Major international tournaments usually see some players emerge who go on to earn themselves a big move with their performances. But basing your summer transfer business on a few good games can be dangerous — as Manchester United‘s move for Czech star Karel Poborsky after Euro ’96 or Real Madrid‘s signing of Colombia midfielder James Rodriguez for €75 million after the 2014 World Cup shows.
Euro 2020 has seen plenty of talent on show, but which in-form players could be considered a safe signing for clubs this summer?
To those who haven’t been watching Serie A very closely, Damsgaard might be relatively unknown. But the technically gifted midfielder has been scouted by plenty of top European clubs following an excellent debut season in Italy. Good on the ball, quick and nimble, comfortable with both feet and able to score from distance — as proven with that spectacular free kick for Denmark in the semifinal against England — Damsgaard often makes things happen in the final third with incisive dribbles or a creative pass.
Though mostly fielded in a wide left role by Claudio Ranieri at Sampdoria, Damsgaard, 21, is also at home playing as an attack-minded “No. 8” in central midfield. Sampdoria president Massimo Ferrero has reiterated that Damsgaard will not be leaving the club this summer, though that might change if offers come in around €30m.
Despite not getting on the scoresheet at the tournament, the centre-forward showed a mature all-round game that has been less evident at club level for Real Sociedad. Mainly a goal poacher (he has scored 33 goals in 89 games over the past two seasons) who likes to play on the shoulder of the defenders in La Liga, for Sweden he tracked back, dribbled well on the counterattack and displayed an effective hold-up game.
Having broken through as a 16-year-old at AIK, where he then earned a move to Dortmund in 2017, Isak has long been on the radar of top European clubs. Though he struggled to assert himself in the Bundesliga, his new-found ability to impose himself on big games will surely attract attention again. Isak, 21, penned a new five-year deal with Sociedad right after Sweden’s tournament exit, while also reportedly raising his release clause from €70m to €90m.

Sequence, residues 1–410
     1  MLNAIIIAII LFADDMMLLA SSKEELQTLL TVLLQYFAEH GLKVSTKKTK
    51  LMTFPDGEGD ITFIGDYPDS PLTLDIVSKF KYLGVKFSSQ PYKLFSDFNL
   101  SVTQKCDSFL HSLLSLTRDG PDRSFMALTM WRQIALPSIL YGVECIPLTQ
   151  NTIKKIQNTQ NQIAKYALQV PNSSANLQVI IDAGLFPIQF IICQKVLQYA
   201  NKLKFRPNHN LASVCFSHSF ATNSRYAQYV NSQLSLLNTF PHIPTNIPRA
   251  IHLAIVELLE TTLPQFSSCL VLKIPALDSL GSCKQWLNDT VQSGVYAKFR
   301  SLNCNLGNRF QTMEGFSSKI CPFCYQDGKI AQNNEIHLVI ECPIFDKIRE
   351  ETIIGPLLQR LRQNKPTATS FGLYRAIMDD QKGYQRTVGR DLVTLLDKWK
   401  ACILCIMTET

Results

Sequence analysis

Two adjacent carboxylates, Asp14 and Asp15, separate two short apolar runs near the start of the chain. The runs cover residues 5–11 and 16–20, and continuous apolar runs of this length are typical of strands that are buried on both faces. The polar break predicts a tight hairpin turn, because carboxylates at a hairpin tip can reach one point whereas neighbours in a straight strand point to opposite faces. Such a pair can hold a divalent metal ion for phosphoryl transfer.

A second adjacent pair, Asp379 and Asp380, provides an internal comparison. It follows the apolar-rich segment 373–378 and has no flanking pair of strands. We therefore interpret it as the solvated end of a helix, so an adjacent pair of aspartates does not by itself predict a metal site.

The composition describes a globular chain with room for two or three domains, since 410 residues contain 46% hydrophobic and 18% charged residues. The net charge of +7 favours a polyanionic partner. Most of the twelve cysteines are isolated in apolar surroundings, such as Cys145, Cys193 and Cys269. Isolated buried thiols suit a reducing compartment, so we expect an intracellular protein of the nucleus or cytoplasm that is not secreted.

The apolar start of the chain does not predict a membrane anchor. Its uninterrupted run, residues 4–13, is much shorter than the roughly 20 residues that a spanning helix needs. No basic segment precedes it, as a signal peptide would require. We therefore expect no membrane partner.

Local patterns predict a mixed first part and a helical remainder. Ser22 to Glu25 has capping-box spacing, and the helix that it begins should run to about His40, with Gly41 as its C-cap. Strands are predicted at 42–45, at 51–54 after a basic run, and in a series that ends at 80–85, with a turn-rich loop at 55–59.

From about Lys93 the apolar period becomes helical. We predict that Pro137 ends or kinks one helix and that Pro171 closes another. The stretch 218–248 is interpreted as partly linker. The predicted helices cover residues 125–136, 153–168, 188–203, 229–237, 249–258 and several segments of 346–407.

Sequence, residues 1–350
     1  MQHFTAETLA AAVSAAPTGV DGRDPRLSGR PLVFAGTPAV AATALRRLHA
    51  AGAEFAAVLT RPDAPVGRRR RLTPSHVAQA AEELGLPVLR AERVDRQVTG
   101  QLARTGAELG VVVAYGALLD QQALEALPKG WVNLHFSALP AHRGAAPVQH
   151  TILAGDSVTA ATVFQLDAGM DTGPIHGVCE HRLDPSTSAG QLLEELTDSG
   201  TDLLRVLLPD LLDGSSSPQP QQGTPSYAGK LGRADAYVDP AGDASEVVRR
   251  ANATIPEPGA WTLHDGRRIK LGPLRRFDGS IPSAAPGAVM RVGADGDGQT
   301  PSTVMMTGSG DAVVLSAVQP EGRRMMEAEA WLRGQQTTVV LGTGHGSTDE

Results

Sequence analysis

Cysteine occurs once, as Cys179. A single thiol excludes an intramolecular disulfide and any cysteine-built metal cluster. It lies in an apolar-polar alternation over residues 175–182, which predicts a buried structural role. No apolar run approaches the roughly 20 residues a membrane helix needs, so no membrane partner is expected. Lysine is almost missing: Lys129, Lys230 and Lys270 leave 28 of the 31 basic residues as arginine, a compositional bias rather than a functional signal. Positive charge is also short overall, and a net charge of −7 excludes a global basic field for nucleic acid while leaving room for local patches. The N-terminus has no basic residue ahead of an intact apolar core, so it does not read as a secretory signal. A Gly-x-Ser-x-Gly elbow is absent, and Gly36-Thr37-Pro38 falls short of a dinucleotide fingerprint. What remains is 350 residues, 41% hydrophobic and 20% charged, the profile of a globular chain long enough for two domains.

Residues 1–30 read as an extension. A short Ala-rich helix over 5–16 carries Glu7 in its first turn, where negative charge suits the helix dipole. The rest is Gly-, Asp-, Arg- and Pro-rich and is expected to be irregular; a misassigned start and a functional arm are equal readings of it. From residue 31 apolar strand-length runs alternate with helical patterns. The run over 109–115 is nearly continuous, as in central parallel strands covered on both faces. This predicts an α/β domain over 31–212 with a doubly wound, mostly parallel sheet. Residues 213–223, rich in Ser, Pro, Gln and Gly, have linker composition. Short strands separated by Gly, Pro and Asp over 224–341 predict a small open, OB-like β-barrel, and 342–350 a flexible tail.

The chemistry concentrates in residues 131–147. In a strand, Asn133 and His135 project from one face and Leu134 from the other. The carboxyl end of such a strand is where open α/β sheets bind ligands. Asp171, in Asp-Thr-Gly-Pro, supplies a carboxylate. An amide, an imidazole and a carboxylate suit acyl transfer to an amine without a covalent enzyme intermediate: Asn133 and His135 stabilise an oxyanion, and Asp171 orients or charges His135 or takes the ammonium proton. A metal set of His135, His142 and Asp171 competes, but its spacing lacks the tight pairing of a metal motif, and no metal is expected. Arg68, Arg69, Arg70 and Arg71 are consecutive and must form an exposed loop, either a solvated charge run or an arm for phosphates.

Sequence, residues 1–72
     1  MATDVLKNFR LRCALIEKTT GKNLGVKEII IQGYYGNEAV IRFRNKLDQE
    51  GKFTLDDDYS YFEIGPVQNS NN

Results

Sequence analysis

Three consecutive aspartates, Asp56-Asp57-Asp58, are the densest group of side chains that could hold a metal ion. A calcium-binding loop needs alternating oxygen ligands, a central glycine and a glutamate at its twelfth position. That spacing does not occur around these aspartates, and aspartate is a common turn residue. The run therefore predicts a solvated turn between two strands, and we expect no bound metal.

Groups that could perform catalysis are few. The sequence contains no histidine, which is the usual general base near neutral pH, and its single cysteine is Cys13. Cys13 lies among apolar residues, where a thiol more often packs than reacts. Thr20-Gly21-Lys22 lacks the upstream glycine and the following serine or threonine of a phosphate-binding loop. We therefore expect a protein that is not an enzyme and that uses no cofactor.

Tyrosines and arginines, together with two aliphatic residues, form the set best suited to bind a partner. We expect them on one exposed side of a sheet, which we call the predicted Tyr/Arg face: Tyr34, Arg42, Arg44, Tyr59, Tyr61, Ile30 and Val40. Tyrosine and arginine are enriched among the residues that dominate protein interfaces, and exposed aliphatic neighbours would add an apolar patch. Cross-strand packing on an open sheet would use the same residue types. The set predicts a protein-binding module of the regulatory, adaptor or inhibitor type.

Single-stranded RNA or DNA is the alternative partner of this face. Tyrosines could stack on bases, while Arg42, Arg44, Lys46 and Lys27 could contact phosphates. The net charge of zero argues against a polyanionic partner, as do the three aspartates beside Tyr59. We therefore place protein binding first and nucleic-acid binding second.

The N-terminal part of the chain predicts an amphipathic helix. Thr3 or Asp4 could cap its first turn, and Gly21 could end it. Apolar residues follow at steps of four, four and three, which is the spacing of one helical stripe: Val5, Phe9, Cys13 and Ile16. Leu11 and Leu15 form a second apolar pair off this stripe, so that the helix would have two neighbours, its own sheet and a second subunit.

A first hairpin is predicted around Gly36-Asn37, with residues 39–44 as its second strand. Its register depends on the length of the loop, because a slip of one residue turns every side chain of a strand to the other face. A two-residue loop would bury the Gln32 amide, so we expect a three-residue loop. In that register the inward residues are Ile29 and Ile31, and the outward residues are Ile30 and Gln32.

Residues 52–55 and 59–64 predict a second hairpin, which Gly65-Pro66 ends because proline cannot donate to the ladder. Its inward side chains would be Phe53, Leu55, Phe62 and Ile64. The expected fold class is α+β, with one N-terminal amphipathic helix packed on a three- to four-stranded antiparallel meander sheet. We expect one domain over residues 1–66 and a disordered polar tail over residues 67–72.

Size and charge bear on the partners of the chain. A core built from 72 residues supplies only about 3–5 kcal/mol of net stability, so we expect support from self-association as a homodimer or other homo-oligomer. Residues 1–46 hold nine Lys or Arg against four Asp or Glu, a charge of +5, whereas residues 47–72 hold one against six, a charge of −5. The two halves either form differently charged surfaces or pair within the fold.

For years, scouts have been waiting for this immensely talented centre-forward to kick on to the next level. After the early promise he showed in breaking through as a teenager at Sampdoria in 2016, Schick had an unconvincing spell of eight goals in 58 games following a €14m transfer to Roma. He got back on track in the Bundesliga with a loan to RB Leipzig that eventually earned him a €26.5m move to Bayer Leverkusen in September 2020.
At Euro 2020, Schick showed why he’s so highly rated for his finishing skills. Against Scotland he opened his account for Czech Republic with a brilliant header (while being marked by two opponents), before he went on to score a candidate for Goal of the Tournament with an effort from the halfway line. He bagged another against Croatia and in the knockout rounds his opportunistic goal helped to dump out Netherlands. Denmark proved too good in the quarterfinals, but he still volleyed in a consolation, courtesy of his weaker foot, to level Cristiano Ronaldo on five goals in the Golden Boot standings (though Ronaldo’s assist would see him win it).
He is pretty much the complete centre-forward and could be in contention for the Bundesliga top scorer title if his form continues next season. Who would bet against Schick, 25, to eventually replace Robert Lewandowski at Bayern Munich?
One of the revelations of the tournament, the Danish wing-back has proved why Atalanta paid €12m to sign him from Genk in January and why several other top clubs from Italy, France and Germany are clearly regretting that they didn’t try harder to land him themselves.